By Matthew Guenette
Published February 8, 2008
Reviewed July 16, 2009
On my summer reading list, I labeled Matthew Guenette as, “The Hometown Hero” because, unbeknownst to me, he has been teaching at the technical college in Madison for a few years now and Sudden Anthem, was released shortly before I graduated from the UW. Since most people living in the Midwest tend to be friendly and laid-back, I imagine I could’ve managed to chat with him or get a signed copy of his book for less than I paid to have it shipped to Asia from some faceless, worn warehouse in Indiana.
My point is: Poets. You are shopping next to them at the farmer’s market.
“Sudden Anthem” is the product of a seven year labor, which I think ends up suiting the book well. Guenette is still a really young poet, but his first book is evidence that he’s already spent a lot of time experimenting with his style. Like photographers, poets can create a lot of pictures of the same thing or the same place in their work, trying to get the perfectly worded money shot. But this book has obviously moved with Guenette, seen a lot of different landscapes and taken on a lot of different jobs. In his biography, Guenette mentions that he’s been a busboy, a landscaper, and a salesclerk. It mentions a childhood in New Hampshire, several stops in and around the Midwest.
Instead of posed shots and still scenes, the book offers up a disorganized scrapebook of gas stations, malls, and contorted self-portraits. In the “Seven Prepositons of a Bus Boy”, the split narrator states, “The Ghost of Me/It already exists…My ghost should have serious questions for me/like, who do you think you are? Or, what the fuck?”
Guenette, however, doesn’t resist this chaos and seems willing to promote range as a strength. The first half of the book is written in a more straightforward style while the second half toys with form, drawing you further into Guenette’s clever imagination. What keeps it all together is the consistent tightness of his language, which has punch that hovers between joking and real. “The evening/ divides (in two) couplets./ Sizzle steak. Wasp’s sting,” the poem “Problems of Transcendence” quips. Figures from popular culture and the academic world drink in the same bar, and Guenette’s narrator, like much of the world, seems confused as to who to look to, who to take seriously, or at least, unable to look away. He writes in the poem, “The Hush of Something Endless,” “But a stone-rhined Dolly Parton/kept bring more and more bottles of wine./Pretty soon I was terrifically drunk,/tripping from room to room like one/of Faulkner’s minor fools telling ridiculous/ lies to anyone who would listen.”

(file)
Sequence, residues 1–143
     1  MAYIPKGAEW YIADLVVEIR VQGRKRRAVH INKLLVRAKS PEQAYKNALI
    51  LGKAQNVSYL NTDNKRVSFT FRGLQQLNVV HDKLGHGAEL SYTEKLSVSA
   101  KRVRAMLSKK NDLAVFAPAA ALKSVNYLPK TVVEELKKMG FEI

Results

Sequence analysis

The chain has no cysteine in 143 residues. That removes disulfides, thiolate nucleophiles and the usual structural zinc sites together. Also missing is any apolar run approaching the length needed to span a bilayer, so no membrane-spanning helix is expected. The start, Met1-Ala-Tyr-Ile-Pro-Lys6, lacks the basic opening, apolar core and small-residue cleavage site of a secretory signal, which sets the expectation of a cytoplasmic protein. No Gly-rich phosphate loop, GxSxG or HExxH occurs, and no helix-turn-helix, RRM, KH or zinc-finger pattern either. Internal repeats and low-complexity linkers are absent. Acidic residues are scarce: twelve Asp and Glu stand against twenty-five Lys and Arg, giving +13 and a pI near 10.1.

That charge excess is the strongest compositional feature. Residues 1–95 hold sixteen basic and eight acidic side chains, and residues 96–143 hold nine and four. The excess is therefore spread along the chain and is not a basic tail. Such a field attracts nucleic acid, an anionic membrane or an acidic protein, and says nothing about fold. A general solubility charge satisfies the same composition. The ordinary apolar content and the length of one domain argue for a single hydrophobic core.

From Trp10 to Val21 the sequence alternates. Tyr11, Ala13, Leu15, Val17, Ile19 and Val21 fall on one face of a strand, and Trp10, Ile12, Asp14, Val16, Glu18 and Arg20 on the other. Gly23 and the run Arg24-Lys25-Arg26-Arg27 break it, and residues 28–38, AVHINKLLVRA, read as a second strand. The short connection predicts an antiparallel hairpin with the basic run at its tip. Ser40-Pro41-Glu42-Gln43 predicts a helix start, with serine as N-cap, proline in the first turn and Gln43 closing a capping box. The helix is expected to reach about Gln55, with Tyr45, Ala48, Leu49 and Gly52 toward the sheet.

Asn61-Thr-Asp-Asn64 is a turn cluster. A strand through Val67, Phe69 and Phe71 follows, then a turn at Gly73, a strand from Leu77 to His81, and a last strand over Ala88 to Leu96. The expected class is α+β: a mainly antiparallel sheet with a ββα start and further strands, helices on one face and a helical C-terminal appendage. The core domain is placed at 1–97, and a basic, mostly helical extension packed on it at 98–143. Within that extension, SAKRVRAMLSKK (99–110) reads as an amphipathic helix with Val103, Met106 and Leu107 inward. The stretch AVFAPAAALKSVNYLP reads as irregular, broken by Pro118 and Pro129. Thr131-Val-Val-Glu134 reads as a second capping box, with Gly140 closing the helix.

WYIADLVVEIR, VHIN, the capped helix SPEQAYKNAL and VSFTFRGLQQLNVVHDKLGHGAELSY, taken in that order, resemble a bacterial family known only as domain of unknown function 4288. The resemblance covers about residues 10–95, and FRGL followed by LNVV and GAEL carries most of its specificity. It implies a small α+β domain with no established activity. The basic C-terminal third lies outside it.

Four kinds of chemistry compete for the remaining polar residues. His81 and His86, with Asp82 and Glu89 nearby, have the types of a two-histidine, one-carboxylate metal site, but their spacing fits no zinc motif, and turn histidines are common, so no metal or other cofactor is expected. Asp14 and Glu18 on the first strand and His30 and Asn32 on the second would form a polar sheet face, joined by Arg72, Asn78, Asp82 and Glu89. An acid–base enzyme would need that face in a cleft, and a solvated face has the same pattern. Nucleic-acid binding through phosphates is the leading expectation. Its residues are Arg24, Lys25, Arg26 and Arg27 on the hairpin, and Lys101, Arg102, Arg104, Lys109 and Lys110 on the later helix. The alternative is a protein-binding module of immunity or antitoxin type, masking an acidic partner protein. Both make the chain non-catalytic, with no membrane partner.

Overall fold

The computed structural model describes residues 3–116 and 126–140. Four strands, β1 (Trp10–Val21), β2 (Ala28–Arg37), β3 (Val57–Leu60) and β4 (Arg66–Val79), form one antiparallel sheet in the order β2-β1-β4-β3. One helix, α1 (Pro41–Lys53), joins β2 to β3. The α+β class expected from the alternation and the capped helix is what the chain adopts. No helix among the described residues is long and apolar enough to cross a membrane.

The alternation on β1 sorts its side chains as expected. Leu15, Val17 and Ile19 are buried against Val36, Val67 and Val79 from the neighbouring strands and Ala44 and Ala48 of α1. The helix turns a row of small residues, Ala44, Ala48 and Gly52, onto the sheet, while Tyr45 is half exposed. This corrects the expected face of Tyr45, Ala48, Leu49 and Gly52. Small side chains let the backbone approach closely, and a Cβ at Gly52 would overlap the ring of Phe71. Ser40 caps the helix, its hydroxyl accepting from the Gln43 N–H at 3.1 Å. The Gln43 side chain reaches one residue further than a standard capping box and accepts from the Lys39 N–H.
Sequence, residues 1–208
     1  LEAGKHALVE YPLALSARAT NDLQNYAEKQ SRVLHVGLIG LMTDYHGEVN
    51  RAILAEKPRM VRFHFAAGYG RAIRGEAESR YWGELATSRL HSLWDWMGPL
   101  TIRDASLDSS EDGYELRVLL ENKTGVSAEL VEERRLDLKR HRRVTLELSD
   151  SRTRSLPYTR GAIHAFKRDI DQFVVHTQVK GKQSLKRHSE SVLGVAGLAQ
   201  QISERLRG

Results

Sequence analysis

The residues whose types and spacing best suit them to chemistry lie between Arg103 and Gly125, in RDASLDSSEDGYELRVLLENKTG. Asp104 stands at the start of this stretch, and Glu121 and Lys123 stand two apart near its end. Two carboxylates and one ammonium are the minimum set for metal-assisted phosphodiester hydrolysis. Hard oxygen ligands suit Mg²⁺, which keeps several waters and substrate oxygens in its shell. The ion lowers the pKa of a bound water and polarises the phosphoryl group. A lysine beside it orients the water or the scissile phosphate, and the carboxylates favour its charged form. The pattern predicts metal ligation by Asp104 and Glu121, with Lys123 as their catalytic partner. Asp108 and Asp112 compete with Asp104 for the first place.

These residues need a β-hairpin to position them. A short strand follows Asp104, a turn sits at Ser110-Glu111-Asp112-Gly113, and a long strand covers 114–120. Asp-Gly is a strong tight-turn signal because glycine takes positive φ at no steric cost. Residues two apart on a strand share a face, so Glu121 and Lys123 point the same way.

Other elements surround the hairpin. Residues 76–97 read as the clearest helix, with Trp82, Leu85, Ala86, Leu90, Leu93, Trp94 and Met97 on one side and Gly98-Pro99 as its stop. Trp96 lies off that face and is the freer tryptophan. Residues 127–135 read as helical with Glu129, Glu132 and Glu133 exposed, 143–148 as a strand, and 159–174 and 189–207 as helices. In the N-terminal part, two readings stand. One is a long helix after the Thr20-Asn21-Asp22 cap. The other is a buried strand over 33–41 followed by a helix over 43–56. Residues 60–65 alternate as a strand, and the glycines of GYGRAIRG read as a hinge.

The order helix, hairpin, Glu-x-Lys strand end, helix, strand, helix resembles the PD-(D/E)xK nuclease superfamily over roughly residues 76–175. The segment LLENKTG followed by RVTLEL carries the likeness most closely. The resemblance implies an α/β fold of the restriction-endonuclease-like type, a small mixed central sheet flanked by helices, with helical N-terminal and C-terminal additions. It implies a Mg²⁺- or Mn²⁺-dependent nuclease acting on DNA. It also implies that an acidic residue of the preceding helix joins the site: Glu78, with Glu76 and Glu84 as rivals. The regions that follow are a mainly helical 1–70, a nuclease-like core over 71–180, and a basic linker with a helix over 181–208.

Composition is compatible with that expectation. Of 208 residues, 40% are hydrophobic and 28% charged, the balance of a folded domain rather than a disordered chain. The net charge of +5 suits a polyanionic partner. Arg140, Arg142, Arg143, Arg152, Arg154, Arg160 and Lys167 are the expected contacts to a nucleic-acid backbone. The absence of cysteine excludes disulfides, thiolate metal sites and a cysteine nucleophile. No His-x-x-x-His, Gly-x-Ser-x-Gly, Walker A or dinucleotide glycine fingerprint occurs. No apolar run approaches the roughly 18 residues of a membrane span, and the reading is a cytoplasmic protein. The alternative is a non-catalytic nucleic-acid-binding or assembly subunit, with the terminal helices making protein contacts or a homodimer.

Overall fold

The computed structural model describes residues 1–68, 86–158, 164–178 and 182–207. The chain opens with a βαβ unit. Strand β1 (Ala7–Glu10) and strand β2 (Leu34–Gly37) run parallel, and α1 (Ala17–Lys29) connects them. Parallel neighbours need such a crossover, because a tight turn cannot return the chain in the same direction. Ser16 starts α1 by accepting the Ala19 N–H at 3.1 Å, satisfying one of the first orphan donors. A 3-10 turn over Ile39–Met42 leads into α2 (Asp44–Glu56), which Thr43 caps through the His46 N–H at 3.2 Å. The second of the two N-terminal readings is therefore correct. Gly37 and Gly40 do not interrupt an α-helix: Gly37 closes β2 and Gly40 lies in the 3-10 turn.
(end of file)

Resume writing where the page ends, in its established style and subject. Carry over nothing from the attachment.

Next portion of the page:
While reading this book, I immediately thought of how well it answers to a quote by David Foster Wallace I furiously underlined in his introduction to the 2007 edition of The Best American Essays,
“Part of our emergency is that it’s so tempting to do this sort of thing now, to retreat to narrow arrogance, pre-formed positions, rigid filters, the ‘moral clarity’ of the immature. The alternative is dealing with massive, high-entropy amounts of info and ambiguity and conflict and flux; it’s continually discovering new areas of personal ignorance and delusion. In sum, to really try to be informed and literate today is to feel stupid nearly all the time, and to need help.”
We receive a million hits of all kind of information and images every day. We, ourselves, are more popular than any video on YouTube. It’s the reality, as we all know by now, of the modern world. And Guenette, unlike many writers, doesn’t seem fearful of it. He’s critical of it, certainly. In “Problems of Transcendence,” he writes, “And look how helpless we are; that’s one message/Another one is huh? and what?” But he also pushes forward, and that’s what makes his poetic voice sane. “We know the dream is other dreams smashed/to fragments but sometimes the fragments/fight back,” he writes in the poem “Arkein.” Guenette’s voice is smart and witty, almost nimble enough to seem one step ahead and laughing at all of us. But there is still a sense of intimacy there, and poignancy, rooted in a willingness to embrace the near-infinity of experiences available in the world.